However, the most powerful moment of this story reveals itself at the epilogue of the game, long after the Dual Blade strikes Lufia and Lars decides to travel the world aimlessly lamenting his loss love.


It’s been six or seven months. The only thing Lars could do is continue his journey. Each step he took was a tribute to her.

Every village he stopped by reminded him of the time he visited with Lufia. Whenever his acquaintances would ask about her, he would be silent, making his best effort to draw a faint grin. Even the laughter of the children was a dirge upon his soul.

He finally arrived in the Southern Islands, the last place he visited with Lufia. The Priphea were in full bloom in the village of Arus. It was an amazing sight to behold.

Lars saw, in the middle of the many flowerbeds, a girl with cerulean blue hair. That color that immediately shook his heart. He was frozen in his place, fixing his gaze on this girl who was dancing in circles.

The girl soon noticed the stranger who was giving her a puzzled stare. She nonchalantly marched toward the man with a smile of an innocent child.

“Hello. Are you a traveler?”

Lars knew this voice. It was her voice. But what trembled his heart so feverishly was the fact that he knew this face. This person. This was Lufia!

“Excuse me, but may I ask your name?” Lars asked.

The girl with the blue hair smiled again. She came a little closer to Lars, and told him the most incredible thing he had ever heard in his life.

“My name is Lufia.”


The story of Lufia: The Fortress of Doom is a rather uncommon one in its genre, especially considering the time it was released. Many hero-centric adventure stories in that time that were marketed for children had a simple good versus evil framework that ended with the demise of the big bad boss. Same goes for the early Dragon Quest series and Final Fantasy series, both of which greatly influenced Lufia. However, in Lufia the journey does not end with the hero simply vanquishing the evil force that threatens his world. It takes one extra step beyond that. The evil force is redeemed.

At the end of Lufia: The Fortress of Doom, we follow the last aimless journey of the hero to a remote village that he once visited with his comrades. At this point, our hearts are already crushed. The main character’s one true love turned out to be the goddess of death, and through her awakening that was only possible because of the love she shared with the hero, she accepts her own destruction to bring peace to the world.

Her last words are painfully engraved in our minds.

“Lars. I was much happier in the short time I lived as Lufia than the eternity I spent as Erim.”

But we meet her again. She seems different, though. She doesn’t retain her memory of Lars. She doesn’t seem to know she is the Sinistral of Death who helped the hero defeat the three most terrible forces of evil the world has ever seen. Also, she seem to be perfectly fine considering the fact that she was struck by a divine blade and fell into the pit of abyss.

What happened?

The elder of the Tower of Grief, who was the one that found Lufia near the shore, gives us some clues as to what really happened. “Maybe it’s because of the Dual Blade” he says, “its great power affects people in different ways. The blade’s energy changed Lufia“.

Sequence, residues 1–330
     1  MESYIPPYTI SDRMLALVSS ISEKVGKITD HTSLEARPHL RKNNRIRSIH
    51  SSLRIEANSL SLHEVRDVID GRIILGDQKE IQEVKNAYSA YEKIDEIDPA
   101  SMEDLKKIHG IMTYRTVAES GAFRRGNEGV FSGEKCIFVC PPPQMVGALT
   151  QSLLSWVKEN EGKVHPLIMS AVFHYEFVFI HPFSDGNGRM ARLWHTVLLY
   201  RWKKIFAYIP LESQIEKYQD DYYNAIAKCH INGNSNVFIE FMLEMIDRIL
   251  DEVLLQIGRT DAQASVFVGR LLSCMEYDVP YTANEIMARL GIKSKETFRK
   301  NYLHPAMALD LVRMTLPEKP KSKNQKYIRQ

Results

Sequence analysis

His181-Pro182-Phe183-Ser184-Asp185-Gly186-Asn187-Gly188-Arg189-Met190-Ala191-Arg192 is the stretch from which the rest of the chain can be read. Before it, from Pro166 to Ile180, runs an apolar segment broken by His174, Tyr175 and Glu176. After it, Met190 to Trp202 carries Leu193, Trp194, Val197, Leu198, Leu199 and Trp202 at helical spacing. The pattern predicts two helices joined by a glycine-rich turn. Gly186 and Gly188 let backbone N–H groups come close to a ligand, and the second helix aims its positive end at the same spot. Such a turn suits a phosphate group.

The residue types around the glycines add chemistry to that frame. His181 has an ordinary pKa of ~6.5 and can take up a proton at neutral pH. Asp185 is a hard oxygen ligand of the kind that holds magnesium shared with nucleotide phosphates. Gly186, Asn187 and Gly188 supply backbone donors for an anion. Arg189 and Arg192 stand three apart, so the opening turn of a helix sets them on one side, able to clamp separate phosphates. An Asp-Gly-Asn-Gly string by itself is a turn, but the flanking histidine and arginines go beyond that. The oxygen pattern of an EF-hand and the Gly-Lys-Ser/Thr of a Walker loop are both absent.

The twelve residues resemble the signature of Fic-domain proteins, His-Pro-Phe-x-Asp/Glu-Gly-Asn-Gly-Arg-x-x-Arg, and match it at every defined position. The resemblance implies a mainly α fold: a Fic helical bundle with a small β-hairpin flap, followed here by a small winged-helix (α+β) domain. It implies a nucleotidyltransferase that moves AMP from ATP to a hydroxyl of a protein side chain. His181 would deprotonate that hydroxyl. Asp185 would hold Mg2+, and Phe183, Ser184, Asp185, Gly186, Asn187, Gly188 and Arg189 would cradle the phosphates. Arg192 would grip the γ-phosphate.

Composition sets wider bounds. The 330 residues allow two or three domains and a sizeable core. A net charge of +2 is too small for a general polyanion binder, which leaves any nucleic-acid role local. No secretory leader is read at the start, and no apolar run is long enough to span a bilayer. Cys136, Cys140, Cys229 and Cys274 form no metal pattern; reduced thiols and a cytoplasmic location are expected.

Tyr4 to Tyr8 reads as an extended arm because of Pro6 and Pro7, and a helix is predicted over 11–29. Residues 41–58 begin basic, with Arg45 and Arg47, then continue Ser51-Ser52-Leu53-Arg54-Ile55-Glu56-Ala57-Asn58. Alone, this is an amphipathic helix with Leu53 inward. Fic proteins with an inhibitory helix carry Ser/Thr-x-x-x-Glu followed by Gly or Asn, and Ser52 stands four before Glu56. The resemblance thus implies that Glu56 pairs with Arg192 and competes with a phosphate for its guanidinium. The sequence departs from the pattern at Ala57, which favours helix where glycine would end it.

Something in Lufia changed when the Dual Blade struck her. Perhaps what the holy blade actually struck wasn’t Lufia, but the evil inside of her. Maybe it was Erim, not Lufia, who died in that event.


Therefore, if anyone is in Christ, he is a new creation. The old has passed away; behold, the new has come.

2 Corinthians 5:17

We all have an “Erim” in us. I’m not saying we have an unawakened Goddess of Death waiting for its time to shine, but we have an evil nature that was embedded in us since the dawn of man. It is sin, and because of that sin we are eternally separated from God – we are effectively and decisively damned. However, God decided to deliver us from that eternal damnation. Only by sending His own son Jesus Christ to die for us, our sinful self became an “old”, “passed away” self, effectively and decisively killed (Romans 6:6). It frees us from the slavery of evil. This is redemption. The Erim in us died.

Lufia: The Fortress of Doom reminded me of this amazing act of love by God/ The transformation from evil to good, the Dual Blade striking Erim within Lufia so that Lufia could finally be free and redeemed from her evil self and her damned destiny: It was a powerful moment for me.

I am not sure if the writer for this game wrote this with a theological intention. I would guess that he/she probably didn’t. However he wrote a story that immersed me, and through the story elements and progression I was able to see glimpses of God’s truth that spoke clearly and powerfully. Moments like this are part of the reason why I play games. I have high hopes for the power of video game narratives, and I believe with amazing stories that capture the emotional investment of gamers, we can speak powerful truths of God.

About E. W. Chung

E. W. Chung currently serves in the Republic of Korea army, and is stationed in Seoul, Korea. He envisions a future field of study that treats video games as a form of next generation digital literature, and hopes to write epic stories for video games that edifies gamers all around the world and brings glory to God.